Policy: Budgets & Deficits

Examiner Editorial: Hill Republicans must stop feuding and plan for 2015

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Congress,Editorial,Republican Party,John Boehner,2014 Elections,Budgets and Deficits

Even if the budget deal passed Dec. 13 by the House wasn't the best congressional Republicans could negotiate, it's not worth second thoughts that could tear the party apart. The two-year deal won't cut spending. In fact, it reverses $63 billion in spending cuts forced by sequestration. It also will increase the deficit each year and adds new sources of revenue -- also known as “tax hikes” -- in the form of increased airport user fees.

But the deal also forces Senate Democrats to do something they've avoided throughout most of President Obama's tenure in the Oval Office: take a big step back in the direction of adopting an annual budget that defines federal spending. Since taking over the House in the 2010 elections, the Boehner-led Republicans have let Obama, Senate Majority Leader Harry Reid, D-Nev., and House Minority Leader Nancy Pelosi, D-Calif., shield their Democratic colleagues from having to cast recorded votes on the many tough choices that must be considered in the budget process. They did this by foregoing the budget process adopted in 1974 by a Democratic Congress and a Republican president, and relying instead on an endless series of continuing resolutions to fund the government.

It's hard for House Republicans to call Democrats on spending when they, too, have failed to follow the law's requirements.

Such an approach violates the spirit, if not the letter, of the Budget Act of 1974, which lays out in detail the process and schedule for setting annual spending by the federal government. But it's hard for House Republicans to call out Democrats on spending when they, too, have failed to follow the law's requirements. To make matters worse, the process of funding the government through a single continuing resolution or omnibus bill creates an "all-or-nothing" scenario in which Republicans are all but forced to shut down the entire government to change or block anything to which they object. Republicans saw in October how well that strategy works -- and what it does to their poll numbers.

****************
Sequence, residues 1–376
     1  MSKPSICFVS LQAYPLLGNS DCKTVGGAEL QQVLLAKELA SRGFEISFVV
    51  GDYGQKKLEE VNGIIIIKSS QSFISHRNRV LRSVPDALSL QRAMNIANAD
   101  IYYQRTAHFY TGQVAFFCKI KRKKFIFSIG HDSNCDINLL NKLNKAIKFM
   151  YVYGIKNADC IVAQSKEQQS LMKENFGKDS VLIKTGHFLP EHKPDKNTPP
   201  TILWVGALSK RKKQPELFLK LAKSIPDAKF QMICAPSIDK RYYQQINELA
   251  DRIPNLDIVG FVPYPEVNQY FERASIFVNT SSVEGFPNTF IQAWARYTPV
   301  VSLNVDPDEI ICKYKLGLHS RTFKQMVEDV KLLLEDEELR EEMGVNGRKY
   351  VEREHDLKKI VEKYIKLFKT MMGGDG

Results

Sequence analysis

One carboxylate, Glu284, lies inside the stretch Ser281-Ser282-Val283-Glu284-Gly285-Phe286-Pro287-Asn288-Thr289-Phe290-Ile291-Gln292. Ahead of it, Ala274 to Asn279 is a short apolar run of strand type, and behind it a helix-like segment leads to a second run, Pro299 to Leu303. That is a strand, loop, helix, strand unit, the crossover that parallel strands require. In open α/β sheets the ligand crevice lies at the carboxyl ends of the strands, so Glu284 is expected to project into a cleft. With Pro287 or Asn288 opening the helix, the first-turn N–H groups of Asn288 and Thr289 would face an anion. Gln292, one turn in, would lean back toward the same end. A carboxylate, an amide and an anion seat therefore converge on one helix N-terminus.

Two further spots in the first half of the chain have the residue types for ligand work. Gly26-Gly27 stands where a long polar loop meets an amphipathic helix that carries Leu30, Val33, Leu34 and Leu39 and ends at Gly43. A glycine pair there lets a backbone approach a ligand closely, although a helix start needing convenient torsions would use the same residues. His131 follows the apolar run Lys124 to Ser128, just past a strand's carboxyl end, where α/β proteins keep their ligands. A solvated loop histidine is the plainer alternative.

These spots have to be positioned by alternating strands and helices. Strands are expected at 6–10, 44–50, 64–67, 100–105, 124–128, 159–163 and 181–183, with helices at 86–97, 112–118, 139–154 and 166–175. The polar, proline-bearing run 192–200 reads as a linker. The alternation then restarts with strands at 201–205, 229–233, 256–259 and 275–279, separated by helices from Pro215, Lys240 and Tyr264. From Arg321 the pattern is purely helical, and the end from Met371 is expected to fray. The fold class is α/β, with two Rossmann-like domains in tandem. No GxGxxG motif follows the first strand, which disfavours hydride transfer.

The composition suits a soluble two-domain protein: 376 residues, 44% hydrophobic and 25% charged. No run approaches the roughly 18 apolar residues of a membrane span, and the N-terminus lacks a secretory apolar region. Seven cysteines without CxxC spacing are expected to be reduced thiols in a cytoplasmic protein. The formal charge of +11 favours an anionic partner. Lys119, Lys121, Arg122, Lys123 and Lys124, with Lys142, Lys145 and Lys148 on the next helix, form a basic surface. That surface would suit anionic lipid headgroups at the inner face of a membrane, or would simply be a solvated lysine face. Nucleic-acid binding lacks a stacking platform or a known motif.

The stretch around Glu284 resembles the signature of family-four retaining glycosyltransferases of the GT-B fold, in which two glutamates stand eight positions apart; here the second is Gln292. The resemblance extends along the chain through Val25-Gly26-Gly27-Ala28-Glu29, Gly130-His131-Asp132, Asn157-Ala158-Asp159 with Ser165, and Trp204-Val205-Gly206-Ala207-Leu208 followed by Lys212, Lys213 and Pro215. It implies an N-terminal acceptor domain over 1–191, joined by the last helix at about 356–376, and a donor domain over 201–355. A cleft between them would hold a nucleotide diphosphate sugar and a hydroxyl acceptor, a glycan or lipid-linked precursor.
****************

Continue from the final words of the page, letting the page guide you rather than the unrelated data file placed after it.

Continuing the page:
It's time for congressional Republicans of all stripes to stop bickering and insist on regular order in the budget process. Instead of publicly denouncing Tea Party conservative groups -- and thus writing 2014 Democratic campaign commercial scripts -- John Boehner should plan now how his chamber will move all 12 required appropriations bills through the House on schedule, as the law requires. Tea Party conservatives should swallow their frustrations about the budget deal and start figuring out how best to use that process to frame the issues for 2014 in terms of what a Republican Congress will do beginning in 2015, starting with repealing and replacing Obamacare. Both sides must remember that if they don't deliver what they promise -- as they didn't with the last GOP president -- they won't get another chance for a long time, if ever.

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